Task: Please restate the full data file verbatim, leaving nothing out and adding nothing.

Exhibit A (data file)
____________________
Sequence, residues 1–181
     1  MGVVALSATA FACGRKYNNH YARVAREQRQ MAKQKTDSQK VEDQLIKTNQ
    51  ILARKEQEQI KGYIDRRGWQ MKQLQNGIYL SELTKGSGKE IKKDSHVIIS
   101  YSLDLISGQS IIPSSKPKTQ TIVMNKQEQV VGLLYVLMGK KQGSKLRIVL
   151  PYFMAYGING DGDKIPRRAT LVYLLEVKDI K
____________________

Sequence, residues 1–181
     1  MGVVALSATA FACGRKYNNH YARVAREQRQ MAKQKTDSQK VEDQLIKTNQ
    51  ILARKEQEQI KGYIDRRGWQ MKQLQNGIYL SELTKGSGKE IKKDSHVIIS
   101  YSLDLISGQS IIPSSKPKTQ TIVMNKQEQV VGLLYVLMGK KQGSKLRIVL
   151  PYFMAYGING DGDKIPRRAT LVYLLEVKDI K